Monsanto needs crowd-pleasers like this to get past its image problems. In economic terms, the company is a winner. It has created many billions of dollars of value for the world with seeds genetically engineered to ward off insects or make a crop immune to herbicides: Witness the vast numbers of farmers who prefer its seeds to competing products, and the resulting $44 billion market value of the company. In its fiscal 2009 Monsanto sold $7.3 billion of seeds and seed genes, versus $4 billion for second-place DuPont ( DD – news – people ) and its Pioneer Hi-Bred unit. Monsanto, of St. Louis, netted $2.1 billion on revenue of $11.7 billion for fiscal 2009 (ended Aug. 31). Its sales have increased at an annualized 18% clip over five years; its annualized return on capital in the period has been 12%. Those accomplishments earn it the designation as FORBES’ Company of the Year.Why, sure, making lots of money is not just good thing, it’s the only thing! Certainly more valuable than any associated detriments. Detriments such as human birth defects studied in France, and Argentina, in addition to birth defects, diseases, and mass die-offs in amphibians, birds, and insects. Those detriments are just economic externalities.
— The Planet Versus Monsanto, Robert Langreth and Matthew Herper, 12.31.09, 04:40 PM EST Forbes Magazine dated January 18, 2010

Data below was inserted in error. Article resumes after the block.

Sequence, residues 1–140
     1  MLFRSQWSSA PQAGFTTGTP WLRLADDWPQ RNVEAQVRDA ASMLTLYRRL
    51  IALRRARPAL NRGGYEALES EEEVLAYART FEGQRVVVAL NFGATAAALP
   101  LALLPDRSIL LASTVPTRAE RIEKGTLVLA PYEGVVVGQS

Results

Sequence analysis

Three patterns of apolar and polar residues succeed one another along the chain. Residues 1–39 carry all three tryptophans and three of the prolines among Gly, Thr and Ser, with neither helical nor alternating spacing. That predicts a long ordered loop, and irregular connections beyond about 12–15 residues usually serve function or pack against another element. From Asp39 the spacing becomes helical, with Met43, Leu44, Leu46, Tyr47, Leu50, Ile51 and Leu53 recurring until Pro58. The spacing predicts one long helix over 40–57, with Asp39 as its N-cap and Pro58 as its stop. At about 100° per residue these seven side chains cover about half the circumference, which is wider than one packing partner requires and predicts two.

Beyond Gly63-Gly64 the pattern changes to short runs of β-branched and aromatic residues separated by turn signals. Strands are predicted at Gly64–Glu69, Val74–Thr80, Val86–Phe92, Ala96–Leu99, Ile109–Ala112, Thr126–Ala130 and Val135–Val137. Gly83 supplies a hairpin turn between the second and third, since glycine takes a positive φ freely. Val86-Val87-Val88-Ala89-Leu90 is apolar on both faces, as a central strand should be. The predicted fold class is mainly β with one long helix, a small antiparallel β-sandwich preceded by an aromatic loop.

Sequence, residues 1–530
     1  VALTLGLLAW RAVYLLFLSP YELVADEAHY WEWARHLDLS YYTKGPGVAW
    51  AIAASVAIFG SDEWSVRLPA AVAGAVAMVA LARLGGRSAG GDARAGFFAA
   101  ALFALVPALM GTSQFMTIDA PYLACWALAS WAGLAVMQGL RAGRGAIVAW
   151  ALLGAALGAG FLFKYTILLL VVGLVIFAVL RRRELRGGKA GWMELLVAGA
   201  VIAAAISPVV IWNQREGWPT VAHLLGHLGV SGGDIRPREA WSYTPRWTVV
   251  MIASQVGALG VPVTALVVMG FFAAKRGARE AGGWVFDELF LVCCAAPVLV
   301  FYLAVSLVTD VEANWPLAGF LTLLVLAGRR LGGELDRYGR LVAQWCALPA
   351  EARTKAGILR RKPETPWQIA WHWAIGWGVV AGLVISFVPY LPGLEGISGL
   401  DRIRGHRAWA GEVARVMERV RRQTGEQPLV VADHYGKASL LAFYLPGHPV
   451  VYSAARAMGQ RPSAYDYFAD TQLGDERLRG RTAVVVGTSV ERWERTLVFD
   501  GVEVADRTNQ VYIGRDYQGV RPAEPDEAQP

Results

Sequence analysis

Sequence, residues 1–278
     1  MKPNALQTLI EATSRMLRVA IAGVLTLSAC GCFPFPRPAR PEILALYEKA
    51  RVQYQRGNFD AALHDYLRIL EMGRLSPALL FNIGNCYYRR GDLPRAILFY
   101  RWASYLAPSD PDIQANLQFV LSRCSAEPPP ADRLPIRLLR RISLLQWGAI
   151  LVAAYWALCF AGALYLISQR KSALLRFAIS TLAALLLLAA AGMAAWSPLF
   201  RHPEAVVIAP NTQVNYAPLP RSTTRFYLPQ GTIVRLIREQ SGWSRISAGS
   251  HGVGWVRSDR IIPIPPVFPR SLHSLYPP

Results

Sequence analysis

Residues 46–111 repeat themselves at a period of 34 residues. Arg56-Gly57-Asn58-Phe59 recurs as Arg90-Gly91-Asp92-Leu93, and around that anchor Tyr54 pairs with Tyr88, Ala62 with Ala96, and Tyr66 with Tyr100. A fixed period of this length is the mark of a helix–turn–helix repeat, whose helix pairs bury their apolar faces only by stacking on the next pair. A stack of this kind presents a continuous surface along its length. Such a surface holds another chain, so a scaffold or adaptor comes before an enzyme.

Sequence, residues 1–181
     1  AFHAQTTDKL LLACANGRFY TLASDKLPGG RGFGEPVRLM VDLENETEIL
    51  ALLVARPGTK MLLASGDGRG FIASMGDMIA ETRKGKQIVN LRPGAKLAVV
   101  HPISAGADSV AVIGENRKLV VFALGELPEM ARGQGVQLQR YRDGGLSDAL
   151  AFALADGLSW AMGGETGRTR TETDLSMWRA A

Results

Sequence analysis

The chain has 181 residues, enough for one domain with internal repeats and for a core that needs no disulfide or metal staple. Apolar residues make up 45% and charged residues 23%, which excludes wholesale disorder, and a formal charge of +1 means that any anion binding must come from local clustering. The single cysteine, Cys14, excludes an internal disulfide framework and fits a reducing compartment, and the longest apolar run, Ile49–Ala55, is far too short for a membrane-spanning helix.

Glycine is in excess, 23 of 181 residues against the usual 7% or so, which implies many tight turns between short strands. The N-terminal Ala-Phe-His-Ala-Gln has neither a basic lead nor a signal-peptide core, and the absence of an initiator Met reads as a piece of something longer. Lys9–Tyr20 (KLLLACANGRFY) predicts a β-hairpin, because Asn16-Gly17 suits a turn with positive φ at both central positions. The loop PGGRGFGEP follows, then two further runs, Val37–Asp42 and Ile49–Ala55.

Hey, monoculture is a sign of success, according to Forbes:
Farmers complain about Monsanto’s prices, but they still buy the seeds. Ninety percent of the U.S. soybean crop and 80% of the corn crop and cotton crop are grown with seeds containing Monsanto’s technology. Other countries are also growing Monsanto’s biotech crops, including India, with 20 million acres of cotton; Brazil, with 35 million acres of soybeans; and Argentina, with 43 million acres of soybeans. (Brazil once blocked genetically modified plants, but farmers planted the crops anyway, and it eventually legalized them.) Packaged foods with corn syrup or soybean oil likely contain the fruits of Monsanto’s gene-modified agriculture.Nevermind farmers buy Monsanto’s seeds because they think they have no choice, because Monsanto is putting other seed producers out of business. So Monsanto takes advantage of its monopoly to jack up seed prices 42% in one year.
Besides, Monsanto tells us Roundup is “biodegradable” and “left the soil clean.” Who’re you going to believe? Forbe’s Company of the Year or the French Supreme Court, which found Monsanto guilty of lying about that. Maybe Monsanto will get the French to rewrite like they did Fox News about RGBH.
After all, as Monsanto CEO Hugh Grant points out:
“There is bigger demand for food than ever. There is no new farmland.”Nevermind that Organic Farming yields are often better than with agrochemicals. You can’t patent manure! Oh, wait, I shouldn’t give Monsanto any ideas….
There’s some possibility of antitrust action against Monsanto. And if U.S. health insurers can no longer kick people off when they get sick, suddenly insurers will have incentive to stop big agribusiness from making people sick in the first place. It’s Monsanto’s seeds that produce most of the corn that is made into High Fructose Corn Syrup (HCFS) that makes U.S. people obese; so obese there are as many obese as health weight people in the U.S. today. That wouldn’t happen without massive federal subsidies to agribusiness. What Congress giveth Congress can taketh away if an even bigger lobby wants it to.
Meanwhile, at least one type of farmer is defeating Monsanto’s pesticides. Coca farmers in Bolivia have developed Boliviana negra, which is resistant to Roundup.